# Solution: Circular Array Loop

Let's solve the Circular Array Loop problem using the Fast and Slow Pointers pattern.

We'll cover the following

## Statement

We are given a circular arrayA circular array is a type of array, where the last element is followed by the first element, forming a loop or circle. of non-zero integers, nums, where each integer represents the number of steps to be taken either forward or backward from its current index. Positive values indicate forward movement, while negative values imply backward movement. When reaching either end of the array, the traversal wraps around to the opposite end.

The input array may contain a cycle, which is a sequence of indexes characterized by the following:

• The sequence starts and ends at the same index.
• The length of the sequence is at least two.
• The loop must be in a single direction, forward or backward.

Note: A cycle in the array does not have to originate at the beginning. It may begin from any point in the array.

Your task is to determine if nums has a cycle. Return TRUE if there is a cycle. Otherwise return FALSE.

Constraints:

• $1 \leq$ nums.length $\leq 10^3$
• $-5000 \leq$ nums[i] $\leq 5000$
• nums[i] $!= 0$

## Solution

So far, youâ€™ve probably brainstormed some approaches and have an idea of how to solve this problem. Letâ€™s explore some of these approaches and figure out which to follow based on considerations such as time complexity and implementation constraints.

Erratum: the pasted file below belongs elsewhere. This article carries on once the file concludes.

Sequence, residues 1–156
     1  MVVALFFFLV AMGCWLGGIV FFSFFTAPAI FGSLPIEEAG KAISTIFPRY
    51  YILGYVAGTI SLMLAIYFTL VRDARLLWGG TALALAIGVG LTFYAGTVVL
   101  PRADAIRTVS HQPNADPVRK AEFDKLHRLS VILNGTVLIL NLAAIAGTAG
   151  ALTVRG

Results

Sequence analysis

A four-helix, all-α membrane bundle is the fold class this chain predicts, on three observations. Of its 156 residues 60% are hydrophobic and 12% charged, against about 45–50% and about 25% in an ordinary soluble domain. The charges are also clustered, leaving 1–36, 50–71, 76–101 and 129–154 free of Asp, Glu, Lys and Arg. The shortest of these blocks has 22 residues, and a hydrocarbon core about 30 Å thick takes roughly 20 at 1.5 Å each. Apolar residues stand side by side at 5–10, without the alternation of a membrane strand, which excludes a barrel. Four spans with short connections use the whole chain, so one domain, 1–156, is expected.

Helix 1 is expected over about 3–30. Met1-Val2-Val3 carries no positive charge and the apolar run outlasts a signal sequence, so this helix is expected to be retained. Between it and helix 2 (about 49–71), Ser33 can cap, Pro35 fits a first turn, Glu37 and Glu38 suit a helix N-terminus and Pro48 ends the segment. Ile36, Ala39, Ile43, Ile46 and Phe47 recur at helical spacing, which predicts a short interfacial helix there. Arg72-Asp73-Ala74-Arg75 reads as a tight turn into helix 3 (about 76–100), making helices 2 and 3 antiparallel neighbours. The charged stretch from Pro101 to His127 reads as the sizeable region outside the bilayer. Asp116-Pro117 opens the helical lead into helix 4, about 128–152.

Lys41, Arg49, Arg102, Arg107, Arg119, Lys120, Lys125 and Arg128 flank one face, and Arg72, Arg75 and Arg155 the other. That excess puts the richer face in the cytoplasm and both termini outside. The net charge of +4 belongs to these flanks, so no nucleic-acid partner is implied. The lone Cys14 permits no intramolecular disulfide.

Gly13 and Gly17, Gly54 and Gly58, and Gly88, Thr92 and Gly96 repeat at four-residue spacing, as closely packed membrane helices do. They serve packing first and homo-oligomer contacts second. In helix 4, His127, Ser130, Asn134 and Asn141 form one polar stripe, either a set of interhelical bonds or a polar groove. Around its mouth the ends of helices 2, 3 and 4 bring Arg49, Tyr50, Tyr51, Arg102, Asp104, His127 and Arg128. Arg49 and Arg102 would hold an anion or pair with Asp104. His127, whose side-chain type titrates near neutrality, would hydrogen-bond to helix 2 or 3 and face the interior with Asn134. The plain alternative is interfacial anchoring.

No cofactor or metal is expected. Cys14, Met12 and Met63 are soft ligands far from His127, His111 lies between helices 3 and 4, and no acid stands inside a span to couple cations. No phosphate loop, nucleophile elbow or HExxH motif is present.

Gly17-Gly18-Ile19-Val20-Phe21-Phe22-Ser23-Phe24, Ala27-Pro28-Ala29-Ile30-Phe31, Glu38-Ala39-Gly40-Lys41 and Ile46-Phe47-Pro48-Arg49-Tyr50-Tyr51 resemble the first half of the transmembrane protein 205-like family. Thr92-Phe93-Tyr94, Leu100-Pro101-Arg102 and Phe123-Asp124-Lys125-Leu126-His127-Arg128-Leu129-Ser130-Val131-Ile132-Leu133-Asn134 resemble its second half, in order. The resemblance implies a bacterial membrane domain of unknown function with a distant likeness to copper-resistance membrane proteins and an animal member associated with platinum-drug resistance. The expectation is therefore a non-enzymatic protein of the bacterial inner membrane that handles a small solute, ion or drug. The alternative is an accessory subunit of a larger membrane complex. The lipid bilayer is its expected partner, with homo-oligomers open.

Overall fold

### Naive approach

The naive approach involves iterating through each element of the input array. In each iteration, we start from the current element and check for cycles in both forward and backward directions. We also keep an additional array to track visited elements. If a cycle is detected during this process, we return TRUE. However, if the direction of the cycle changes at any point, weâ€™ll move to the next iteration. Weâ€™ll repeat this until we find the cycle or traverse the complete array.

For each element in the outer loop, there is an inner loop that explores potential cycles, resulting in a time complexity of $O(n^2)$. The space complexity is $O(n)$ because we use extra space to keep track of the visited elements. This makes it an inefficient approach for large input arrays.

### Optimized approach using fast and slow pointers

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